Customers can access the Groupon platform also via paid listings on search engines based on bidding keywords. For instance, Google allows through its advertising network to bid on specific keywords that have specific commercial intent.
Thus, companies that look for those keywords will probably end up purchasing Groupon deals. This is called search engine marketing or SEM.
Email and push notifications.
Another key ingredient of the Groupon marketing mix is comprised of direct access to consumers via an email list made of subscribers that voluntarily sign up and of push notifications (notification service to send updates on mobile devices).
That system allows Groupon a higher control over what offerings to show directly to its consumers and subscribers.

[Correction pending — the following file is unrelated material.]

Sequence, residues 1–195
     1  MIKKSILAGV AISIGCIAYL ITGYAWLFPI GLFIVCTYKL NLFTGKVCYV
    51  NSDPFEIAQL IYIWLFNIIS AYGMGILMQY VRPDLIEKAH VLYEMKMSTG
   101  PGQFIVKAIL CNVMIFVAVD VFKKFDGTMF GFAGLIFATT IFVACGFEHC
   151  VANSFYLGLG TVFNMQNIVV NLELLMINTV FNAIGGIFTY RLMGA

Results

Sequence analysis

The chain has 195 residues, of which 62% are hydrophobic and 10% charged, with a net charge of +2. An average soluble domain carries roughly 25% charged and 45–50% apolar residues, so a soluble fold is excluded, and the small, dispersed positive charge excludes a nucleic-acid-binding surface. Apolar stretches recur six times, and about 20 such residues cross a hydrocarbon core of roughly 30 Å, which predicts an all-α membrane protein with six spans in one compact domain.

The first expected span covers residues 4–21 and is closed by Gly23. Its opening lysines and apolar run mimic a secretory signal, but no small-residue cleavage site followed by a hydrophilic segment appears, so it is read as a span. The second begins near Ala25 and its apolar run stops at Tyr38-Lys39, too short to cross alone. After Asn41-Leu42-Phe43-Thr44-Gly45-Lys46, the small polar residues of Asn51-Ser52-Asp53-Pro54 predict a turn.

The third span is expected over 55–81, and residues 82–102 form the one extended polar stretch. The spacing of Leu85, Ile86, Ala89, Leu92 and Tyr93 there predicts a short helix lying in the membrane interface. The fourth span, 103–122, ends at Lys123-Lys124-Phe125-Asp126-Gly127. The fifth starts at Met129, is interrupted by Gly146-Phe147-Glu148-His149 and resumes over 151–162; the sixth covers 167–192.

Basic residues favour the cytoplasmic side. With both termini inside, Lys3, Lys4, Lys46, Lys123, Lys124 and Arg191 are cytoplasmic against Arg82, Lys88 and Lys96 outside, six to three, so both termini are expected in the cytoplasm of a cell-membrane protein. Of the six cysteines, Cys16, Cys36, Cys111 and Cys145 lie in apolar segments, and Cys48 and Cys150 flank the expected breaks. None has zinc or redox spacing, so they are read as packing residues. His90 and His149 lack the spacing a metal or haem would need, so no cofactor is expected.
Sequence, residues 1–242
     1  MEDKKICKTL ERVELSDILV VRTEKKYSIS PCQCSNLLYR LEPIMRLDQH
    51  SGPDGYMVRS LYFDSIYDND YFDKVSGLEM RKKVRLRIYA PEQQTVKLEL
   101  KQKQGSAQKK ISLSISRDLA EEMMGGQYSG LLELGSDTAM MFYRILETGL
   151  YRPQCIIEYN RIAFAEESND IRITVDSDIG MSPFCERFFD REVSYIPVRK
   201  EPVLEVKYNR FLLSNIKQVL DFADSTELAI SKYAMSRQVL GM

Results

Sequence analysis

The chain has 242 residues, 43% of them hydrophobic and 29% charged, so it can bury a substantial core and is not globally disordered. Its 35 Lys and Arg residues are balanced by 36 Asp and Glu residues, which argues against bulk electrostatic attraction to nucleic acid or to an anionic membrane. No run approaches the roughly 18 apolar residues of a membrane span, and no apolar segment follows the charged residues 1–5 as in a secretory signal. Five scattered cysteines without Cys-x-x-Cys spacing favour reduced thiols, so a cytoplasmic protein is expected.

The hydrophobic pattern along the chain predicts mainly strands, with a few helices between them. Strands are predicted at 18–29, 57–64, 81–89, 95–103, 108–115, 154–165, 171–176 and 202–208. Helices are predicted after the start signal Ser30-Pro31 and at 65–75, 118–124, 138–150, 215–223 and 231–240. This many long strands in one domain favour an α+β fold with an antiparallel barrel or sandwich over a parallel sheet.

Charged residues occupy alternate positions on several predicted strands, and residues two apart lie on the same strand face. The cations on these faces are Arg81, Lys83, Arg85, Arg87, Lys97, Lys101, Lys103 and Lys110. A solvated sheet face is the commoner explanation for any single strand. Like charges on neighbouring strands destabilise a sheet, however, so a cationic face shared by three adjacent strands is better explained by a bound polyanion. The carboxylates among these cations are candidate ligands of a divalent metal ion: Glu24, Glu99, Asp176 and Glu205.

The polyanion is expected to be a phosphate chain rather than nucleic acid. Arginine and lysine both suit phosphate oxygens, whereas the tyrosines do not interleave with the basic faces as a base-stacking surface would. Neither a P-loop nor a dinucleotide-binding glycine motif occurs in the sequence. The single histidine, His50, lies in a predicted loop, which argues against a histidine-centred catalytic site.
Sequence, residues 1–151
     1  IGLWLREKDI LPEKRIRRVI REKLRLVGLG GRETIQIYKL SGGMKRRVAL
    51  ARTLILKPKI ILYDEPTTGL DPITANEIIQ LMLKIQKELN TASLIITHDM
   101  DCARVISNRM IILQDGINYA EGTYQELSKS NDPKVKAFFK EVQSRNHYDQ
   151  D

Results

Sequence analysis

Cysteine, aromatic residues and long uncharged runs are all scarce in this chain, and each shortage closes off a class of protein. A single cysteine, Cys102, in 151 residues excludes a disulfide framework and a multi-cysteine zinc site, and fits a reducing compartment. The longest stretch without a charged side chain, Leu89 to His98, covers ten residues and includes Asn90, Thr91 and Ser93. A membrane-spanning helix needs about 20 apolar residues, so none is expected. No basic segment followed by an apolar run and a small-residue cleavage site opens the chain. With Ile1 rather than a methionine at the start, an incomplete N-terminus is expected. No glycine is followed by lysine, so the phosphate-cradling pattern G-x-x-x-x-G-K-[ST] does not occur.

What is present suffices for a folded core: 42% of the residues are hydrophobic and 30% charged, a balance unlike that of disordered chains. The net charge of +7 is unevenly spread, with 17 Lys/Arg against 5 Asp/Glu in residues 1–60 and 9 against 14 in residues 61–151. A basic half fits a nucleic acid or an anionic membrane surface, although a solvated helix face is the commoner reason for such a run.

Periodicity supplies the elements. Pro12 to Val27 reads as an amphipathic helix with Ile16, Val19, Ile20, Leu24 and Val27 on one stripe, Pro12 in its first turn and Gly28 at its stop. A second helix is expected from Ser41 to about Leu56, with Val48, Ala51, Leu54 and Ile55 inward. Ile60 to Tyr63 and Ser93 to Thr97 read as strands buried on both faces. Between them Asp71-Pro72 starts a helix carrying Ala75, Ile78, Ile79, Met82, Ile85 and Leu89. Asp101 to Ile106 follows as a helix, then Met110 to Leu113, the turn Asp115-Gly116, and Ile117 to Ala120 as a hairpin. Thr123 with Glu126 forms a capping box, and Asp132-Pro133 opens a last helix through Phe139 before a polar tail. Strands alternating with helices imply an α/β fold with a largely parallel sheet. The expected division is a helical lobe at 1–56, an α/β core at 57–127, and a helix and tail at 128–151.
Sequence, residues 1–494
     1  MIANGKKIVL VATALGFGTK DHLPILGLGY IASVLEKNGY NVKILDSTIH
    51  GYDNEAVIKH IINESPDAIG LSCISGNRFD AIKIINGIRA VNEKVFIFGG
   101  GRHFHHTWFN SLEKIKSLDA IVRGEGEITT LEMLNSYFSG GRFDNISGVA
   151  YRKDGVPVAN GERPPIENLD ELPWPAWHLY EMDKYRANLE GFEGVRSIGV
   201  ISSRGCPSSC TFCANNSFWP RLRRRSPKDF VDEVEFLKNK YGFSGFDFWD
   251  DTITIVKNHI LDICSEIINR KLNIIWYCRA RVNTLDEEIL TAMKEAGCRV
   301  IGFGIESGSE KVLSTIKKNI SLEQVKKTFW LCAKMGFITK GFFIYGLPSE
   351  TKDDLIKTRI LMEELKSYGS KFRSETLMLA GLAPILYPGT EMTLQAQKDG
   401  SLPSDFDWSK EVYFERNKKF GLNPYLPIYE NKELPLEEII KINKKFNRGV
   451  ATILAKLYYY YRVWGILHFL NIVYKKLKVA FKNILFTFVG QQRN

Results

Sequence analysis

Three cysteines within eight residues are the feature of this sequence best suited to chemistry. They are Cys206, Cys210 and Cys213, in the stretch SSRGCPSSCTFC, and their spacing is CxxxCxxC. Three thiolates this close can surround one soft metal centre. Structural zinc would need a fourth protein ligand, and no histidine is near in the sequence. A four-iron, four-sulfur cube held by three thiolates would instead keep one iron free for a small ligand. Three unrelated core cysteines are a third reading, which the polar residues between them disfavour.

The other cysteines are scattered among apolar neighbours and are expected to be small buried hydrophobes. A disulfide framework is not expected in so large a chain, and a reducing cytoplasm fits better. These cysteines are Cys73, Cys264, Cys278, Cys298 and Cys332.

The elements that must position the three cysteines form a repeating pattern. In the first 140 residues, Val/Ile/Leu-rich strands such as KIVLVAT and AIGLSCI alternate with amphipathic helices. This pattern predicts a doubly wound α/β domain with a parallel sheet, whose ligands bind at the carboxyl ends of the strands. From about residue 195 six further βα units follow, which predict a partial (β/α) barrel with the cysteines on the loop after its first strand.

Another important marketing distribution strategy is based on affiliate marketing. In short, affiliates that send consumers to Groupon offerings via links on their websites get rewarded with a commission.
Social and display.
The virality of social media is also essential to allow the sharing of dealings from Groupon. Groupon also promotes its offerings using display advertising on websites.
Television and other offline.
Groupon also started to invest more in offline marketing, such as television advertising, print, and radio.
Sales operations as the primary driver of the acquisition of local merchants
The relationship with the millions of local merchants on Groupon is critical for the long-term success of the business. Those relationships indeed are an essential part of long-term business success.